Syria's Failure To Respond Signals Israel Can Strike Without Worries

Assad's Hands Are Tied With Battle for Regime Survival

Watchful Eye: United Nations peacekeepers keep wary eye on Israel-Lebanon border.
getty images
Watchful Eye: United Nations peacekeepers keep wary eye on Israel-Lebanon border.

By JTA

Published May 06, 2013.
  • Print
  • Share Share
  • Single Page

Twice in three days, Israeli warplanes entered Syrian airspace and fired on suspected weapons caches bound for Hezbollah – and nothing has happened in response.

Some experts are predicting that will continue to be the case following airstrikes near Damascus on Friday and Sunday that are widely believed to be the work of the Israel Defense Forces. According to reports, the strikes targeted shipments of long-range, Iranian-made Fateh-110 missiles capable of striking deep into Israel.

Israel hasn’t commented on the strikes, but the IDF has moved two Iron Dome missile defense batteries to its northern border and Prime Minister Benjamin Netanyahu delayed his departure to China for several hours to convene his security cabinet. Meanwhile, Syria’s foreign minister told CNN on Sunday that the strikes amounted to a “declaration of war.”

But such gestures, analysts say, are merely symbolic. Torn by a civil war now in its third year, the regime of Syrian President Bashar Assad is too beleaguered to fight back. And Hezbollah, the Lebanese party considered a terrorist organization by the United States and Israel, is considered too preoccupied propping up its Syrian patron to respond.

“Today Israel can act with impunity in Syria,” said Hillel Frisch, an expert on Arab politics at Bar-Ilan University’s Begin-Sadat Center for Strategic Studies. “The [Syrian] air force isn’t functioning and there’s no defense system. It’s very exposed and weak.”

Syria’s civil war augurs a major strategic shift for Israel. The two countries have technically have been in a state of war since the Yom Kippur War ended in 1973. And though the border since then has been largely quiet, Syria was Israel’s only neighbor to pose a threat of conventional attack.

But the weakening of the Syrian regime has raised the frightening prospect that its stocks of chemical weapons may fall into the hands of Hezbollah. Israeli officials have said for months that they would take action should Syria transport unconventional weapons to Hezbollah. In January, Israel bombed a Syrian weapons convoy near the Syria-Lebanon border. In 2007, Israel allegedly bombed a Syrian nuclear reactor.

Syria and Hezbollah didn’t respond to those attacks, either. But Hezbollah expert Eyal Zisser said Israel still needs to remain cautious.

“Don’t play with your luck,” said Zisser, also from the Begin-Sadat Center. “There might be a response. Eventually something will happen. Everybody is taking precautions.”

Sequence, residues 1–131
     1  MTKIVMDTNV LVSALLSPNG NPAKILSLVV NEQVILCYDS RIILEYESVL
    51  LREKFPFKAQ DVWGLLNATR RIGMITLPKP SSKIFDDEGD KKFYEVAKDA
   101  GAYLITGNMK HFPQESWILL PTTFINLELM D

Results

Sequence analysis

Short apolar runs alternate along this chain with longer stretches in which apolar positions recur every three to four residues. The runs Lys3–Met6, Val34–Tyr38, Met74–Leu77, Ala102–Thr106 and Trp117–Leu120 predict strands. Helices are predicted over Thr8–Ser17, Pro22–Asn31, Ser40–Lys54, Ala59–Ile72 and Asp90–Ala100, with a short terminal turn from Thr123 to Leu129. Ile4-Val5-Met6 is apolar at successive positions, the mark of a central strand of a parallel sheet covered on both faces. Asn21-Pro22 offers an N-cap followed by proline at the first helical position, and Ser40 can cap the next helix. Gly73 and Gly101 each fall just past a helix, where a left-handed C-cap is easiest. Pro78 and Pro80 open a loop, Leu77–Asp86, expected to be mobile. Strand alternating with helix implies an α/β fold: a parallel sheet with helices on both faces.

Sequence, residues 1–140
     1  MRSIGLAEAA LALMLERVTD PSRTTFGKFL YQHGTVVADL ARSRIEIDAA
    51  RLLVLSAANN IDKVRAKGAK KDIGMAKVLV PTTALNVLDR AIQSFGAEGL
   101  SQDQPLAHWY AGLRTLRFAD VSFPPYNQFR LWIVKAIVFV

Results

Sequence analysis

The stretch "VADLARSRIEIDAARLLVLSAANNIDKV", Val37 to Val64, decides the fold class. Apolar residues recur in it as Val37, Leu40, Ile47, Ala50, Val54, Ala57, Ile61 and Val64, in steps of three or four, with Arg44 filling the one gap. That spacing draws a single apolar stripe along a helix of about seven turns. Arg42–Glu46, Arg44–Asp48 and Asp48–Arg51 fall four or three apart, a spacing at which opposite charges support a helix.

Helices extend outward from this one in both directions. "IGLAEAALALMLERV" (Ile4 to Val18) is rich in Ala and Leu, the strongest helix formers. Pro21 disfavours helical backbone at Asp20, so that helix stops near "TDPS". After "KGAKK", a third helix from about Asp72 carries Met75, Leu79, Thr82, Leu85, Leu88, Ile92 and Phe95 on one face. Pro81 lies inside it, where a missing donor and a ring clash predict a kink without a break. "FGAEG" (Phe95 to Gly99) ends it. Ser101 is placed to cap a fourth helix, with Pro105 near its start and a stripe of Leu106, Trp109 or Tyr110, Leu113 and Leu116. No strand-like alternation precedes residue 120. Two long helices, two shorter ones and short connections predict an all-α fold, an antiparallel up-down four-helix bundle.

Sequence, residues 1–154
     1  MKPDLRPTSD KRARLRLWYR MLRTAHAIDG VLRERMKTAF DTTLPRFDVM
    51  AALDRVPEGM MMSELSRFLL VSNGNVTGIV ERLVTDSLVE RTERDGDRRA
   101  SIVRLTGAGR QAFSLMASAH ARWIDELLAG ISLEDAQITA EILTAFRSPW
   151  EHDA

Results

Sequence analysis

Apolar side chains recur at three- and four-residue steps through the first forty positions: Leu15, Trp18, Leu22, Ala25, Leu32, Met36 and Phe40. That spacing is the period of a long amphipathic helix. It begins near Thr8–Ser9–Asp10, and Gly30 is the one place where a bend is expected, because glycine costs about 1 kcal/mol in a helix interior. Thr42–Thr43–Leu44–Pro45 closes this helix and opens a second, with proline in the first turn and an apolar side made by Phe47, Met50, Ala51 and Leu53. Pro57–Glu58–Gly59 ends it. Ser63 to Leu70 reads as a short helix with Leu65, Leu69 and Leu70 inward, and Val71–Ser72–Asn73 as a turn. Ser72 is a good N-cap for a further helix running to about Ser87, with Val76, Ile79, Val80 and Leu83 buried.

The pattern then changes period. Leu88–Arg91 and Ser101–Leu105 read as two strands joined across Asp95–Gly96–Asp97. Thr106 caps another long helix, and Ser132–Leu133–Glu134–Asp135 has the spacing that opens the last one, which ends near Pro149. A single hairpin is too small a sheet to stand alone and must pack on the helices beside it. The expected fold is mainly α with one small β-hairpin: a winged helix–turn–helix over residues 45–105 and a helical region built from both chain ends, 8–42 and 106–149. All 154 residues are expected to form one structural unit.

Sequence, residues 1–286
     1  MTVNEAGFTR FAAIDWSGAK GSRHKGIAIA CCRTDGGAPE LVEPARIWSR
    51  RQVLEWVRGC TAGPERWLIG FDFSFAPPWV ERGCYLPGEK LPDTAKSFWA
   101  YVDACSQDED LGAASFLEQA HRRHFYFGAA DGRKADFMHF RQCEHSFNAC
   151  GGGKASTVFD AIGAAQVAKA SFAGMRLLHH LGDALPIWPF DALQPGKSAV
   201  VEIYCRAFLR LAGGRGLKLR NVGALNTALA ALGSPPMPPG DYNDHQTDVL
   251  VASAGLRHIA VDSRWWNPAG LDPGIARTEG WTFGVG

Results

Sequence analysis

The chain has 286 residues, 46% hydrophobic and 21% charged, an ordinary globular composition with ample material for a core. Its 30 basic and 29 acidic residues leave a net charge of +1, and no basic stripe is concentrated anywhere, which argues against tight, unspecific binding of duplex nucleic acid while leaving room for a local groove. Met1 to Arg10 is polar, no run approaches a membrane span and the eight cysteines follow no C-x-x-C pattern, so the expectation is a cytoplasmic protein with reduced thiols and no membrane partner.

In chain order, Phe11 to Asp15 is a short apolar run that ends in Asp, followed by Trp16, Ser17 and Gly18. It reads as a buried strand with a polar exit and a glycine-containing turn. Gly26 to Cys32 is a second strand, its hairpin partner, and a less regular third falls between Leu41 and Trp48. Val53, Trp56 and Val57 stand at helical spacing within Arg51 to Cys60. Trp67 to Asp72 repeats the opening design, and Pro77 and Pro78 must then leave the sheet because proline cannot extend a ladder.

Shlomo Brom, a senior research associate at Tel Aviv University’s Institute for National Security Studies, said the attack sent a message that Israel will act unilaterally if deemed necessary – in this case, the transfer of long-range weaponry to Hezbollah.


The Jewish Daily Forward welcomes reader comments in order to promote thoughtful discussion on issues of importance to the Jewish community. In the interest of maintaining a civil forum, The Jewish Daily Forwardrequires that all commenters be appropriately respectful toward our writers, other commenters and the subjects of the articles. Vigorous debate and reasoned critique are welcome; name-calling and personal invective are not. While we generally do not seek to edit or actively moderate comments, our spam filter prevents most links and certain key words from being posted and The Jewish Daily Forward reserves the right to remove comments for any reason.





Find us on Facebook!
  • Could Spider-Man be Jewish? Andrew Garfield thinks so.
  • Most tasteless video ever? A new video shows Jesus Christ dying at Auschwitz.
  • "It’s the smell that hits me first — musty, almost sweet, emanating from the green felt that cradles each piece of silver cutlery in its own place." Only one week left to submit! Tell us the story of your family's Jewish heirloom.
  • Mazel tov to Chelsea Clinton and Marc Mezvinsky!
  • If it's true, it's pretty terrifying news.
  • “My mom went to cook at the White House and all I got was this tiny piece of leftover raspberry ganache."
  • Planning on catching "Fading Gigolo" this weekend? Read our review.
  • A new initiative will spend $300 million a year towards strengthening Israel's relationship with the Diaspora. http://jd.fo/q3Iaj Is this money spent wisely?
  • Lusia Horowitz left pre-state Israel to fight fascism in Spain — and wound up being captured by the Nazis and sent to die at Auschwitz. Share her remarkable story — told in her letters.
  • Vered Guttman doesn't usually get nervous about cooking for 20 people, even for Passover. But last night was a bit different. She was cooking for the Obamas at the White House Seder.
  • A grumpy Jewish grandfather is wary of his granddaughter's celebrating Easter with the in-laws. But the Seesaw says it might just make her appreciate Judaism more. What do you think?
  • “Twist and Shout.” “Under the Boardwalk.” “Brown-Eyed Girl.” What do these great songs have in common? A forgotten Jewish songwriter. We tracked him down.
  • What can we learn from tragedies like the rampage in suburban Kansas City? For one thing, we must keep our eyes on the real threats that we as Jews face.
  • When is a legume not necessarily a legume? Philologos has the answer.
  • from-cache

Would you like to receive updates about new stories?




















We will not share your e-mail address or other personal information.

Already subscribed? Manage your subscription.